The gruesome murder of American journalist James Foley yesterday was an opportunity for the self-styled Islamic State (IS) to put on a propaganda show. The jihadi group uploaded video of the killing to YouTube and Vimeo and its social media team bombarded Twitter – including targeting journalists and others who closely follow the war in Syria and Iraq – with the links.
Within minutes YouTube deleted the original post and Twitter was not far behind, announcing it would suspend accounts spreading the distressing video. But by that time the clip had multiplied. Users posted slightly different versions to evade detection – YouTube has an algorithm that prevents re-uploads. By Tuesday evening, dozens of copies of the footage could be found with just a simple web search.
As social media sites fought to shut them down, the online followers of IS reveled in the butchery of a hostage and called for more, part of the point of the exercise for the group. Social media has become an important fund-raising and recruitment tool for them. While to most people the murder was nihilistic and repugnant, for would-be internet mujahideen it was a moment of celebration.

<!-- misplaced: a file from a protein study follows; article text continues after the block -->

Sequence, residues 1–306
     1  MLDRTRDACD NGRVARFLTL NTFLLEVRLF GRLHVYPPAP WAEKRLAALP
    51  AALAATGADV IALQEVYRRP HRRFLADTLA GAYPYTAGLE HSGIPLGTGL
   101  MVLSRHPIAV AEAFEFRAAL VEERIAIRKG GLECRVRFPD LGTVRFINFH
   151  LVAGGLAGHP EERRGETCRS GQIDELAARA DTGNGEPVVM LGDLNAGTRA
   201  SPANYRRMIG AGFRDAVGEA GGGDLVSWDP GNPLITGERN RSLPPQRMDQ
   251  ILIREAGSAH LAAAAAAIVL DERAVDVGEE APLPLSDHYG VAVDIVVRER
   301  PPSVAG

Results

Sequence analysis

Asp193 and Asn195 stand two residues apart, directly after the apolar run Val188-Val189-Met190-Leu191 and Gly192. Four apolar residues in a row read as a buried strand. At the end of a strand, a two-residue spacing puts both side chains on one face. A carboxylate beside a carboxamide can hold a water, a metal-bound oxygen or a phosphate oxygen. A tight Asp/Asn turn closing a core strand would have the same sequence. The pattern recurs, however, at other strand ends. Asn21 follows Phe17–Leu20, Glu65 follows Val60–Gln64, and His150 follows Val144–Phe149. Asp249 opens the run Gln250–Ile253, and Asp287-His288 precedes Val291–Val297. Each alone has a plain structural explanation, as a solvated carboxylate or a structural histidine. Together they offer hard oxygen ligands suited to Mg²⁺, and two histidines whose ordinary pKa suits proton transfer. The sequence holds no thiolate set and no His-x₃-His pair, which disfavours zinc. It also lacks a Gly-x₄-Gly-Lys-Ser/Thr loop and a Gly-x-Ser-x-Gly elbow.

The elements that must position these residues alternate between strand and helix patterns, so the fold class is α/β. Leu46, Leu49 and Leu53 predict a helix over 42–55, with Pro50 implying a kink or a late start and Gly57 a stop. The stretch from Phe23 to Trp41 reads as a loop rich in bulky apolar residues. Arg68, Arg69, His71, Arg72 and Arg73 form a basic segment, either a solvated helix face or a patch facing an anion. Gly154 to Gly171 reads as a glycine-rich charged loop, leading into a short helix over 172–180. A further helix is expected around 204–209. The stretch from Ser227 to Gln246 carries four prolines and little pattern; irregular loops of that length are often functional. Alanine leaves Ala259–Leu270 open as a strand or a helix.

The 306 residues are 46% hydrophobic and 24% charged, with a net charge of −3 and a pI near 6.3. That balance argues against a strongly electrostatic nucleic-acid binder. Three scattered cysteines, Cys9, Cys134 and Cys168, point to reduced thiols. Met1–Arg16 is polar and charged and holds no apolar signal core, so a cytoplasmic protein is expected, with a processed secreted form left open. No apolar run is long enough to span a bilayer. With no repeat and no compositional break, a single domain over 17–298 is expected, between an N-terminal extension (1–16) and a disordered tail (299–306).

The online tussle since Mr. Foley's death highlights an ethical dilemma. As IS captured swathes of Iraqi territory in June and eastern Syria over the last month, they also made gains online. In addition to opening dozens of official accounts and media outlets, the militants have spawned a universe of ‘fan boy’ Twitter feeds re-posting their statements and praising their cause.
What can and should be done about extremist group accounts? Left unchecked, their feeds spread a violent message and rally support. But closing down all the feeds is a nearly impossible, even futile chore. And if successful it would also deprive those who seek to track and counter such groups of important data points.
Foley’s murder is an extreme example. But other IS releases have helped analysts track key militant operations, analyze troop movements, and tally foreign recruits.